My first neighbor in Santa Monica, CA was notorious Boston crimelord and former #1 on the FBI’s most wanted list, Whitey Bulgar.
While Whitey was on the lam from the FBI, he used a Santa Monica apartment building as “cover”. During the twelve months I spent at the apartment, I saw my neighbor only a couple of times and had absolutely no clue who he was.
I was always cordial and nice, even though I thought it somewhat odd that he had a sign on his door that said “Don’t Knock.” Years later the national news made a sensation out of the FBI catching Whitey at that building.
The moral of the story? Be nice – you really don’t want to get on the bad side of your neighbors because maybe their bad side is really, really bad.
Rule #1 in the Business World
This approach has an immediate, relevant, and profound impact on business development.
If a Handbook of Business Development Rules existed, Rule #1 would state: “Be kind, courteous, and respectful to everyone.”
From a person-to-person standpoint, it is just the right thing to do. It’s the golden rule.
For business though, it is critical because you really never know what’s to come. You never know when the associate is on the verge of a break-through deal and makes partner. You never know if the assistant is the earpiece for the executive and serves as a filter on which meetings to take in the future.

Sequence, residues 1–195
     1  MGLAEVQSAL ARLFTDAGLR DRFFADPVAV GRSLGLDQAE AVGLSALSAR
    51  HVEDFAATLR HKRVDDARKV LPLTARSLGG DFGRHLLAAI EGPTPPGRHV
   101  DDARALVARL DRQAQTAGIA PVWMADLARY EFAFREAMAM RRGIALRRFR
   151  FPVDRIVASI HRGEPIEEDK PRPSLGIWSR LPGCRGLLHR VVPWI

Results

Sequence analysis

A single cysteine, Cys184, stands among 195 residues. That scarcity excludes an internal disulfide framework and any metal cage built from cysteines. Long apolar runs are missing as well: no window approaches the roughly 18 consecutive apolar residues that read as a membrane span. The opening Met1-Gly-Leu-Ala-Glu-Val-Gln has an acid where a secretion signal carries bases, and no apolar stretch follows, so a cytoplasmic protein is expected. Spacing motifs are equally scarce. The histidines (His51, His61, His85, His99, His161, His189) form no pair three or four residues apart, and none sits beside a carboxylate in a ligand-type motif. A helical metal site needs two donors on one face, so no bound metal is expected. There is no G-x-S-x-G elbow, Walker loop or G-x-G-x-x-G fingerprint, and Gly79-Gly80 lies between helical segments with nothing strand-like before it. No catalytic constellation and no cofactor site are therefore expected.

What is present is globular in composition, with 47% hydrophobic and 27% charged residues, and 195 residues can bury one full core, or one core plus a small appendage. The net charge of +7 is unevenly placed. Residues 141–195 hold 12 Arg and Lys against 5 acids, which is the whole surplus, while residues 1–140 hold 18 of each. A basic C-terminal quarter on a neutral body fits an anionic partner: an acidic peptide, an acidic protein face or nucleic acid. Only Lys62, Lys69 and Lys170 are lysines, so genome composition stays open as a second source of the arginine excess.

The Exception to the Rule
An important caveat to Rule #1 is that you need to balance this with time considerations.
Even the most prolific among us cannot possibly get to know everyone. Luckily, it doesn’t take very long to make a lasting impression.
Anyone who has worked a job at the bottom of the food chain knows how it feels when someone “looks-right-through-you” and fails to acknowledge your very existence. It sucks, it’s dehumanizing, and it is a poor way to go through life.
Personal Connections Pay Dividends
One of the most memorable times this was beneficial to our business was at a conference. I was lost and looking for the main room, so I asked one of the hotel staff.
She pointed me in the direction, and then introduced herself. “Hi, my name is Diane.”
I shook her hand, told her my name, and then asked her if she liked it when conferences were in town. The whole exchange took less than 20 seconds.
Hours later, I was in desperation mode looking for the #1 person I wanted to connect with at the conference. I had seen him leaving the main room after he spoke, but then he disappeared.
As I entered the hallway, I saw Diane. She could tell I was a bit flustered looking around. I asked her if she had seen the guy in the gray jacket. “Sure,” she said, “he’s right over here, follow me…”
Diane saved the day.
The speaker had dived into a side room to catch up on emails, and thanks to Diane, we had an opportunity to get to know each other, which ultimately led to a significant win-win deal for us.
But for my brief introduction to Diane, there is almost no chance this would have happened.
A 100% Sure Thing
Does this deliver results every time? Of course not.
Nothing in business works 100% of the time. There are always outliers and exceptions to the rules.
But when you’re seeking to initiate relationships, you never know where or how the right connection will emerge. Treat people as you would like to be treated, and open doorways that wouldn’t otherwise exist.